We can discuss whether Locke's teachings were properly "Christianized"* with tips of the hat to the Anglican Thomist, Richard Hooker. Yes, Locke's ideas were presented, often from pulpits, in a manner that suggested compatibility with traditional Christianity and the natural law (Aristotle-Thomism-Hooker); but also often included the "state of nature/social contracts and rights" speak that is, as Leo Strauss put it, "wholly alien" to not only the Bible but also the traditional natural law.

Allan Bloom, one of Strauss' disciples, has an instructive quotation:
When Bishops, a generation after Hobbes’s death, almost naturally spoke the language of the state of nature, contract and rights, it was clear that he had defeated the ecclesiastical authorities, who were no longer able to understand themselves as they once had. ("The Closing of the American Mind," 41-2). 
Note that it was not Hobbes who was cited from the pulpits, but either Locke explicitly, or Locke's ideas on the state of nature/social contract and rights, without attribution. Bloom, like Strauss before him and Deenen and others, operate under the assumption that Locke was "Hobbesian." We need not operate under this assumption, but rather simply note Hobbes, Locke and Rousseau all shared the common ground of the construct of the "state of nature/social contract and rights," and each had his own particular spin on that construct. It was, for lack of a better term, the "common parlance" among them. This construct was, however, first initiated by Hobbes.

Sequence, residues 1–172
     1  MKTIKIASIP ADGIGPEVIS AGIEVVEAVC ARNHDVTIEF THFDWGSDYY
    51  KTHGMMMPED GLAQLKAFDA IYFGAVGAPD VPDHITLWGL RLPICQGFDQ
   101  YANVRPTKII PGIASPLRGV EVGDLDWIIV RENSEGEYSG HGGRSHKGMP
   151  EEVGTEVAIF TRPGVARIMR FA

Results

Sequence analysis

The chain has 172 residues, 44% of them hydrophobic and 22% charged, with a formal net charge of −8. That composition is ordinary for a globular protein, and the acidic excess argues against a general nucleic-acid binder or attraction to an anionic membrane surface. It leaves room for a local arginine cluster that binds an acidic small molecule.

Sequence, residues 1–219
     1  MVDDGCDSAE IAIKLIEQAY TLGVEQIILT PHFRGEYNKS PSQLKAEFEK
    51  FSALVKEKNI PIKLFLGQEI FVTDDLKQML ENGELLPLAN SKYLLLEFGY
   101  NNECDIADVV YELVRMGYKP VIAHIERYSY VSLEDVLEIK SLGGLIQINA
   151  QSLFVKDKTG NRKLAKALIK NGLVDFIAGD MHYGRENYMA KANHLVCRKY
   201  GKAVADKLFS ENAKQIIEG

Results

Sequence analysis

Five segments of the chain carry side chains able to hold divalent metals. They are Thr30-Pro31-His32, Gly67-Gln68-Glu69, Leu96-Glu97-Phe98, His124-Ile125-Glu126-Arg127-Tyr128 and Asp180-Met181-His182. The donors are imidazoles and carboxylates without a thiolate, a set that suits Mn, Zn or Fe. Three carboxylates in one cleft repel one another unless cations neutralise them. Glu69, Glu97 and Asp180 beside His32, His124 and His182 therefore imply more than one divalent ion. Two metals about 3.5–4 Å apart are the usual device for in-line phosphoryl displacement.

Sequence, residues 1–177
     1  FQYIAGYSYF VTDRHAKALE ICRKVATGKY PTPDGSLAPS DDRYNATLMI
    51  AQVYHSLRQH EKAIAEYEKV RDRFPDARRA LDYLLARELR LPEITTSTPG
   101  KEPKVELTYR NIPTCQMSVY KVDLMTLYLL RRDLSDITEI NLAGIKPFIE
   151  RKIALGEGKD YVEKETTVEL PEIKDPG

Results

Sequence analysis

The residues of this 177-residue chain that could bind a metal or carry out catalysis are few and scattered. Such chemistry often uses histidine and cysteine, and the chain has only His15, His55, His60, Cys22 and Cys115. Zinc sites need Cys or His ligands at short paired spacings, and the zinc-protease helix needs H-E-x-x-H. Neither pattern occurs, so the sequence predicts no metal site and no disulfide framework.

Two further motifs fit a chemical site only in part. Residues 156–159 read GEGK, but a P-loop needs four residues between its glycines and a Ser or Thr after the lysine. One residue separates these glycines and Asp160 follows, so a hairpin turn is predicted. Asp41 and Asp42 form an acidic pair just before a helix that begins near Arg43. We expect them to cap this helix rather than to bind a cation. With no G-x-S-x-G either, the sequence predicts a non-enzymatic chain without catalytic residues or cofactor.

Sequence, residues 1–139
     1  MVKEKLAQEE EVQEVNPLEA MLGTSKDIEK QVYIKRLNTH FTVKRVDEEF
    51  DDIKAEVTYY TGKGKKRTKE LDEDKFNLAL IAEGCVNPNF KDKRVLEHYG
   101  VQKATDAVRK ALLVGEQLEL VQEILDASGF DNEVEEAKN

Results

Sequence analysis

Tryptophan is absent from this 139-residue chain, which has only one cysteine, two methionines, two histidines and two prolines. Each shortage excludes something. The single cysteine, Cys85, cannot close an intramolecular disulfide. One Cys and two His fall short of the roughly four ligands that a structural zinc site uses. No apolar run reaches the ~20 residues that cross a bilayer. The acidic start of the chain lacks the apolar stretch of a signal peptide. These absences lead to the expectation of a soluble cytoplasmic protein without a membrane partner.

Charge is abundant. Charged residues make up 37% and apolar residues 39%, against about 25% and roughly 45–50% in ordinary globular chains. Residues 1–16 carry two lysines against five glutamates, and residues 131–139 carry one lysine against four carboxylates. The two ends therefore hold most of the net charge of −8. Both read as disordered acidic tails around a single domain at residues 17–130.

*Meaning the traditional or orthodox practice of the faith.

Thursday, July 9, 2020

Meyerson Deconstructs Washington's Presidential Oath Story


On June 30th Steven Green took his turn at the current round of discussions at the Cato Institute, and opined that a “religionist interpretation of the foundingfrom those like Mark Hall and his colleagues (namely Daniel Dreisbach) offer conclusions with which he disagrees.

I fully agree. By way of explanation, let’s start off where Michael Meyerson, in his book, Endowed by Our Creator, deconstructs Washington's Presidential "So help me God" oath story: